Chi Chow – Macquarie Capital

What’s your outlook on the asphalt market here, and it seems like it’s been, certainly been a weak year so far?

Mike Jennings

It’s been an interesting year so far, as really what’s happened the Winterfield (ph) barrels were very active in the month of January, February. Those terminals got very long product and purchases ground to a halt in May, June. The real demand for asphalt in terms of paving is lower than we thought it would be given how active the Winterfield (ph) market was. So very strong start to the year has weakened some, but the local retail market around Cheyenne is still pretty good, as I said in limited quantities.

Chi Chow – Macquarie Capital

Okay, thanks. And back on Keystone you talked about the extension, but as far as the main line being turned on right now does that having any impacts you’re seeing on the local crude markets?

Jim Stump

I wouldn’t – I don’t think so, I mean it’s hard to tell, there is always a lot of moving parts, but so far we haven’t seen materially slack capacity on the other pipelines which you would expect once Keystone gets up and running full, I mean we think it’s running over a 100,000 barrels a day now but certainly not add its name play capacity. So frankly some of the heavy disruption, weakness in the heavy price now might just be uncertainty about how the flows are going to kind of fall out once Keystone is running at higher rate, but right now that’s a little bit in front of us still.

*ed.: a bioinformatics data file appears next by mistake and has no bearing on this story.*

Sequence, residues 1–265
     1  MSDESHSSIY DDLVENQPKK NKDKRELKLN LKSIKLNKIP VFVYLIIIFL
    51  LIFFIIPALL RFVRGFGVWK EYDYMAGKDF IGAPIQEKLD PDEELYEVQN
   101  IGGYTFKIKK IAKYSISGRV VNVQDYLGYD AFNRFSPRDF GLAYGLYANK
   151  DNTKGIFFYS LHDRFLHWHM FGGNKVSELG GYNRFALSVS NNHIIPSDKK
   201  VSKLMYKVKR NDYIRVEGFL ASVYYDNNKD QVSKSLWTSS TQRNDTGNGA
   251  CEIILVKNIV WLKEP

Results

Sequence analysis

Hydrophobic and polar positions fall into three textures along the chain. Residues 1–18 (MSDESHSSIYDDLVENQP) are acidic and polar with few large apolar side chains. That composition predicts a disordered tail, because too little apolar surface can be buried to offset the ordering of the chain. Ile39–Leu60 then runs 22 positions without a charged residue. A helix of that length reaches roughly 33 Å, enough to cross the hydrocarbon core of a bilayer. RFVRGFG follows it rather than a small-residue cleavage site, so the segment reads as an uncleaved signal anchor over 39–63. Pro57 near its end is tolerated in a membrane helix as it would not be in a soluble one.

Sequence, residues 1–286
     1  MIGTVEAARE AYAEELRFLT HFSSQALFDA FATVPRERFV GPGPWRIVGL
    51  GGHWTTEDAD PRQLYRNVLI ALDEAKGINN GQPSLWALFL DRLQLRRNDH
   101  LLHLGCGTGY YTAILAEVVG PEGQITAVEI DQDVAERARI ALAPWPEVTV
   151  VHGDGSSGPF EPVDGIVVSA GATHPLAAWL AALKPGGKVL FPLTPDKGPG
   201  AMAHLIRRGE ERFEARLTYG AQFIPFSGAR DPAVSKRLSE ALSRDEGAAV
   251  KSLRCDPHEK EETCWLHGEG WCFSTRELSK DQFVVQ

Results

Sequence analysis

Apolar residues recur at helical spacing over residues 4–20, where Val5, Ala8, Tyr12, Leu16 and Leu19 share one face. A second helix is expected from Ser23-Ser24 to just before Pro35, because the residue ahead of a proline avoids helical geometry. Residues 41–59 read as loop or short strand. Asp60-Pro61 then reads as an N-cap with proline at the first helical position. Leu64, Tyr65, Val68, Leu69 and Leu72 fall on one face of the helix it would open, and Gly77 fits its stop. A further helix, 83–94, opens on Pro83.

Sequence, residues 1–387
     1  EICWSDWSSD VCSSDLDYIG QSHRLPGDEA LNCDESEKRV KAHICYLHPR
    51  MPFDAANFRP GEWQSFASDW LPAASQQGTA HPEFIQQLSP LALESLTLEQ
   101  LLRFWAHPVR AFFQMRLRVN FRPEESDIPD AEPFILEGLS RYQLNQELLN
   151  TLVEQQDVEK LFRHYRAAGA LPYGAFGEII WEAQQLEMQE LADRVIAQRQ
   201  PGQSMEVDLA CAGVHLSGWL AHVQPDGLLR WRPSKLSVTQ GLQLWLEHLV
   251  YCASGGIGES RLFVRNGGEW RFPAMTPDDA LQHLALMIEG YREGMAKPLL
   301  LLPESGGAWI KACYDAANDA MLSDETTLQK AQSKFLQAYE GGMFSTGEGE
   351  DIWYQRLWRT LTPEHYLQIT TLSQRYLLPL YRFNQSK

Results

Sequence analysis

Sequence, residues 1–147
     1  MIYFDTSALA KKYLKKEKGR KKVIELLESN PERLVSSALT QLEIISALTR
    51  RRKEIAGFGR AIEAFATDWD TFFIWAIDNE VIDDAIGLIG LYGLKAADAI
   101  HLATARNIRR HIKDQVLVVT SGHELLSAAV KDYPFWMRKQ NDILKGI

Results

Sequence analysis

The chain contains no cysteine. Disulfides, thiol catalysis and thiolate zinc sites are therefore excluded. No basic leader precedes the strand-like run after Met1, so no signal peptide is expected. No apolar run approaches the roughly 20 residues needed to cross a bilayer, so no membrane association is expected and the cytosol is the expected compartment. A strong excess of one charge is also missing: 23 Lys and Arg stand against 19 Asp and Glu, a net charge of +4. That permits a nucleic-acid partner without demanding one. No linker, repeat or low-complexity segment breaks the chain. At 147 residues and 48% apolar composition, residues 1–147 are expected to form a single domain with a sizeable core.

Chi Chow – Macquarie Capital

Okay, and any further thoughts on terming up some of the Bakken supply?

Jim Stump

We’ve done some quarterly. I think we’ve done a little bit of 12 months term volume and there’s still a lot of uncertainty about Bakken pricing. I mean, one of the things you could expect from Keystone is, it’s going to open up Platte, east of Guernsey.

And so a lot of people are waiting in the Bakken market to kind of see how that’s going to affect pricing, right? Once Keystone gets to running it higher rates and we see how pipeline inflows are going to settle out, I think we may find that we can find more willing whatever you want to call it partners in some longer-term contract.

Chi Chow – Macquarie Capital

Okay, great. Thanks a lot.

Mike Jennings

Thank you, Chi.

Operator

Our next question comes from Daniel Burke from Johnson Rice. Please go ahead.

Daniel Burke – Johnson Rice

Good morning, everyone.

Mike Jennings

Hi Daniel.

Daniel Burke – Johnson Rice